Researchers of the Psychiatry, Mental Health and Addictions group at Vall d’Hebron Institute of Research (VHIR) participate in a major new initiative with the aim to uncover the biology of Attention-deficit hyperactivity disorder (ADHD) and autism spectrum disorders (ASD). The project is unique in its kind through combining an interdisciplinary pan-European team of scientists and 15 PhD students, as well as cross-sectoral collaboration with industry. One of these PhD students will start to work at VHIR, in the ADHD research line, led by Drs. Josep Antoni Ramos-Quiroga and Marta Ribases.
Funded by a €3.9 million grant from the EU Horizon 2020 Marie Sklodowska-Curie Training Network grant, the project, called MiND (Mastering skills in the training Network for attention deficit hyperactivity and autism spectrum Disorders), is believed to make major advancements to understanding the risk factors involved in the development of ADHD and ASD. It will also translate findings to offer individuals better diagnosis and more individualised treatment. The project involves 21 consortium members from 10 countries.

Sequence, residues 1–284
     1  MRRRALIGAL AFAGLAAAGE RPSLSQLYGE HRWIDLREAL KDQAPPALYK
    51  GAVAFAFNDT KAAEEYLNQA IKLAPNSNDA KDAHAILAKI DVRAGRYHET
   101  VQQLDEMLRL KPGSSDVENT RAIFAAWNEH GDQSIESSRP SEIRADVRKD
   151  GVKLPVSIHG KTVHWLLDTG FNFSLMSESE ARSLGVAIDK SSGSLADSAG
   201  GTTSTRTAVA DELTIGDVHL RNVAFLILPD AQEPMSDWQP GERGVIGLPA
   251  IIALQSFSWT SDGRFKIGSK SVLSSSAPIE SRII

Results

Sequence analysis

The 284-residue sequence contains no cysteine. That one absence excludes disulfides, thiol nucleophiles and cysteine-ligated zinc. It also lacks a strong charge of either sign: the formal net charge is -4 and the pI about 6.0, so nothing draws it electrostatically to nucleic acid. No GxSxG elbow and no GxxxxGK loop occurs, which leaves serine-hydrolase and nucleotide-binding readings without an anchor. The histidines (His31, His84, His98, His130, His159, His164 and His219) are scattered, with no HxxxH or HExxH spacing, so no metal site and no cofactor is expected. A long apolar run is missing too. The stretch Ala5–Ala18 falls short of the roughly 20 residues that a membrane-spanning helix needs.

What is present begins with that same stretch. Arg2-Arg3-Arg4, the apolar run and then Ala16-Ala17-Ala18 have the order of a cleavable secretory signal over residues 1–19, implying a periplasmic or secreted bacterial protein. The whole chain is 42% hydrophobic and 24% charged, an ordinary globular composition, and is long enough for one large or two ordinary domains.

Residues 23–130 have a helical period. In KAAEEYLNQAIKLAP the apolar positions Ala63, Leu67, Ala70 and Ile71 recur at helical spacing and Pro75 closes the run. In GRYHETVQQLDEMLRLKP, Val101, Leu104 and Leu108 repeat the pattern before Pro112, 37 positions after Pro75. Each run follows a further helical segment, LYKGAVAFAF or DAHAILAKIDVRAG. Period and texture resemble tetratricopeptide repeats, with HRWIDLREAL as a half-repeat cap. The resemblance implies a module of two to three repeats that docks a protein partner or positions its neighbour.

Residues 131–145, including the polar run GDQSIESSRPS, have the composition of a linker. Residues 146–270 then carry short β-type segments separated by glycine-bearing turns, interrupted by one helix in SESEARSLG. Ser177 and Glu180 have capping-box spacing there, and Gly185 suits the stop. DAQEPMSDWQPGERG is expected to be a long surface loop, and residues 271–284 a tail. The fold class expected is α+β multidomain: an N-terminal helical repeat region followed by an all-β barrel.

ADHD and ASD are chronic and highly heritable neurodevelopmental disorders. ADHD affects around 5.3% of children and 2.5% of adults. ASD affects around 1% of children and adults. Despite their societal importance, progress in understanding their disorder biology has been slow and insufficient treatment options are available. The study MiND aims to tackle such shortcomings.
On February, MiND beneficiaries successfully kicked off their 4-year project in a two-day meeting in Barcelona in the presence of representatives of the patient organisations ADHD-Europe and Autism-Europe as well as the EU program officers. Presentations by work package leaders and the EU officers were alternated with fruitful discussions in smaller groups.